For this article, we did a quick survey of the companies currently providing customer financing services for small to mid-sized businesses. We briefly discuss the companies we found below, but we haven’t reviewed most of them, so please be aware that we pass no definitive judgment about the quality of service each provides. We hope to have some reviews for you in the future.
In looking through these companies, we find that they can generally be categorized into three groups. The first group contains more traditional financing companies. Financing applications may take a day or two to process and be approved. A second group includes the so-called fintech companies–they have their origins in the tech startup world, and they’re here to “move fast and break things.” These companies tend to do a soft credit pull and then give you a loan within seconds. These loans tend to be of a smaller amount and they typically must be paid back within a year. Some of them are fee-based and do not charge interest. The third group seems to be a hybrid, featuring some characteristics of both the traditional and the fintech companies. They also do a soft credit pull and sometimes can offer you a loan for a very small amount very quickly. Typically, larger loans are also available with these companies.
Grouping the vendors we found below into the three categories above, we have:
With some of these companies, it was hard to find merchant-related information–i.e. sign up cost, processing fee, contract terms, etc. These companies tend to try to sell their services by touting how much more a merchant can sell if the customer had the ability to buy more. Signing up with them might mean that you never get to see any income from the financing side. Still, they seem to be worth investigating, so we encourage you to find a few that you might be interested in and contact them for details.
Lastly, if you look at the way these companies work–especially the fintech companies–you’ll see that there’s a strong potential that they might replace the entire merchant processing side of the credit card industry. If you look carefully about the nature of the credit approvals, loan amounts, and repayment terms, you’ll see that they work like charge cards, where each charge is judged separately based on the person’s current debt load and creditworthiness. It’s very similar to the American Express model. From a merchant’s standpoint, it might be a good idea to understand how these financing companies work, in case they do replace some credit card company functions in the future.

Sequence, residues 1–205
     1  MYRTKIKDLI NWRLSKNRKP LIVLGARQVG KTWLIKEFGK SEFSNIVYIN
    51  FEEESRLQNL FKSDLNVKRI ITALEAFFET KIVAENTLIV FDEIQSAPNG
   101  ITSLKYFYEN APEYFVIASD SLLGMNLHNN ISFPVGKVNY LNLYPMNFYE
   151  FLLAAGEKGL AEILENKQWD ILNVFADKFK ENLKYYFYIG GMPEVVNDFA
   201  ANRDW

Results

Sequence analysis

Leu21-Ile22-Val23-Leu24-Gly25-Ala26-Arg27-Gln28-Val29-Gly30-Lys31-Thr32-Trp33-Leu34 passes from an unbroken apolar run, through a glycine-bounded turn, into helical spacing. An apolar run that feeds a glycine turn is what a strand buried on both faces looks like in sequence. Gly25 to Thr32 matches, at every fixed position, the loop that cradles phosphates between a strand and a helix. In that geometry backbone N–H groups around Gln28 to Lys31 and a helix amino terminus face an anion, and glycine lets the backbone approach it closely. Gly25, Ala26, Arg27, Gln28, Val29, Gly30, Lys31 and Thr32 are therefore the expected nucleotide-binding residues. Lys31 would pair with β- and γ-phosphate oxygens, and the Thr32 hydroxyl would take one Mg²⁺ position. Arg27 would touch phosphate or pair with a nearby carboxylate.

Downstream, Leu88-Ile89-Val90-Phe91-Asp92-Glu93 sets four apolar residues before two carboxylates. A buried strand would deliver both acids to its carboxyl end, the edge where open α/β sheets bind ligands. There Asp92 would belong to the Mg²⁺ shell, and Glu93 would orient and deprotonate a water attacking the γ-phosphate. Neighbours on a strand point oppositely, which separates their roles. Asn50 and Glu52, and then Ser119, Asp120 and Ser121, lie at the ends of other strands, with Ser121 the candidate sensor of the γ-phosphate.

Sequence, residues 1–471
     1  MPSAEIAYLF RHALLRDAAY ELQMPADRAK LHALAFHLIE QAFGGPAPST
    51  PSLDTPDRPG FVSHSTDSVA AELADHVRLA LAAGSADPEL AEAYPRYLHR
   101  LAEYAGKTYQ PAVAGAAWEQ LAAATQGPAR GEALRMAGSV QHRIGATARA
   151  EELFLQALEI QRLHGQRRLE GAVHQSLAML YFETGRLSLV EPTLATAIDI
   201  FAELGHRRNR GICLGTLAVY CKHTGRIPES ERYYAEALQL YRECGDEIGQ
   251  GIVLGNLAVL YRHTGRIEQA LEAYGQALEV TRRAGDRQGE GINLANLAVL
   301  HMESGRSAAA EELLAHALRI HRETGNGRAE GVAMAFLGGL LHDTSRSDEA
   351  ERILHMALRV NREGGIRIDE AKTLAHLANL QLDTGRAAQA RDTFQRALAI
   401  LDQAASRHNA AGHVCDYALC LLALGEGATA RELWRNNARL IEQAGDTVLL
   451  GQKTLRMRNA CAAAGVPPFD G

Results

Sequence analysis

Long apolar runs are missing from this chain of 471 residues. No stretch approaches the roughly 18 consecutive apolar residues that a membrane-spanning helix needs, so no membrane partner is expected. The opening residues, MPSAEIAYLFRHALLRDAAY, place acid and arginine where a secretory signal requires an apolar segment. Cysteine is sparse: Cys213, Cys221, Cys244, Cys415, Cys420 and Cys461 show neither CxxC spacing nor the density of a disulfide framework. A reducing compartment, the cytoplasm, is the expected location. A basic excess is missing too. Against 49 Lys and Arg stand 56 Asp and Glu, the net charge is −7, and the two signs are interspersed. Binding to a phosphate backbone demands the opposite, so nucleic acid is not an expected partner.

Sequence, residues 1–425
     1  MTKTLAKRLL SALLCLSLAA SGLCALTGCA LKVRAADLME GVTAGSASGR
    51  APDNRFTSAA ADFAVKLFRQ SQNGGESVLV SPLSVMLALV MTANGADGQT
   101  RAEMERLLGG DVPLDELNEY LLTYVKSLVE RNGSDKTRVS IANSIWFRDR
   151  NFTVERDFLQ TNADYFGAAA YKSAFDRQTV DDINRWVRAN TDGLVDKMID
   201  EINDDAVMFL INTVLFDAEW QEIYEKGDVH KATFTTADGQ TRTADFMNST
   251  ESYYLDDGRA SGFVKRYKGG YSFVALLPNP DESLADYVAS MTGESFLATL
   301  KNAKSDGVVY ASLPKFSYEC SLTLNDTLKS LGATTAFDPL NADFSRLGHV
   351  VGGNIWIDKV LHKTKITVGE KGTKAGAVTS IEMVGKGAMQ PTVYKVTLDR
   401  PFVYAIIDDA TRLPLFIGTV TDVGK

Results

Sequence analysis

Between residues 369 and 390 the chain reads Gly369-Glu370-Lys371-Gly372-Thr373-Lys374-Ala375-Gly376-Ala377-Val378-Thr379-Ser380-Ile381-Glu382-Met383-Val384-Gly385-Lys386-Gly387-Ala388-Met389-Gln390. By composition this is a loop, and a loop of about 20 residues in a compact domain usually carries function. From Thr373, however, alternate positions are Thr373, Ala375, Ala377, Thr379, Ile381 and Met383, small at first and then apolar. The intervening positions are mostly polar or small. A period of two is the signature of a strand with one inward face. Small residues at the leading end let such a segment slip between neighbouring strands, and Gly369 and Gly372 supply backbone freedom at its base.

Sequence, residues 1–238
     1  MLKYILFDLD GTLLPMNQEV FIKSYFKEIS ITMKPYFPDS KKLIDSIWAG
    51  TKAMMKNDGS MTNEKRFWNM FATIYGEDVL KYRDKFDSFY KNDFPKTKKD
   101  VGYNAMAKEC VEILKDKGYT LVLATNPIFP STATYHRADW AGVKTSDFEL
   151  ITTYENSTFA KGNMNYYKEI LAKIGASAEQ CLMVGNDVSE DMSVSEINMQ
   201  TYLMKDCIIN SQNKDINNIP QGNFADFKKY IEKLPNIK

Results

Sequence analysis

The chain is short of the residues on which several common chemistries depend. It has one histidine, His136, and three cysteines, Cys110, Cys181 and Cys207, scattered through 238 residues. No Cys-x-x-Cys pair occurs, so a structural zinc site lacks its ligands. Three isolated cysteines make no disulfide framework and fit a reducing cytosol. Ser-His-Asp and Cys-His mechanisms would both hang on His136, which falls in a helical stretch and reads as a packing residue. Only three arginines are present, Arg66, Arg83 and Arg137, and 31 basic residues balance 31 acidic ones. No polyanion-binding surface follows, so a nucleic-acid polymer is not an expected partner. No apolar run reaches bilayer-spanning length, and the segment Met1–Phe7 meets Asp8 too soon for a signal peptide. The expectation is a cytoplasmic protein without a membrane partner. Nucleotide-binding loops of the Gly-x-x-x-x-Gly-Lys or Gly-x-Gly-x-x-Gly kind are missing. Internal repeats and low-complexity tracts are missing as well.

With the above in mind, here are some of the customer service companies we found that you might wish to look into further.
Flexxbuy seems to fall into the more traditional side of the consumer lending business. It has a relationship with over 20 lenders in its backend and can quickly set a customer up with the right lender, depending on the customer’s credit score.
With Flexxbuy, the customer can get a loan of up to $50,000. The website isn’t quite clear, but the wording in various places suggests that smaller loans might be approved instantly, but the larger ones can take up to 48 hours. There is a formal application to be submitted by the merchant. The customer doesn’t have to pay a penalty for pre-payment, and loan payback can be from 12 months to a few years.
Flexxbuy says the cost to the merchant is “customized,” and, since they work with several lenders, this probably just means that the cost varies depending on the lender. To sign up with Flexxbuy, there is an enrollment/setup fee for the merchant.
LendPro, like Flexxbuy, seems to fall towards the traditional lender side of the industry. They claim that they have lending relationships with more than two dozen lenders on the backend to provide financing for a wide range of amounts and for all types of credit scores.
When a customer finances through LendPro, the lending relationship is directly between the customer and LendPro. LendPro can integrate their financing application software with your website, so customers can see their financing options at checkout and file an application if they are inclined. They also have physical kiosks for physical stores, where a customer can apply for credit in person. A merchant can also buy a tablet and install LendPro’s software on it and then hand the tablet to the customer to apply for financing.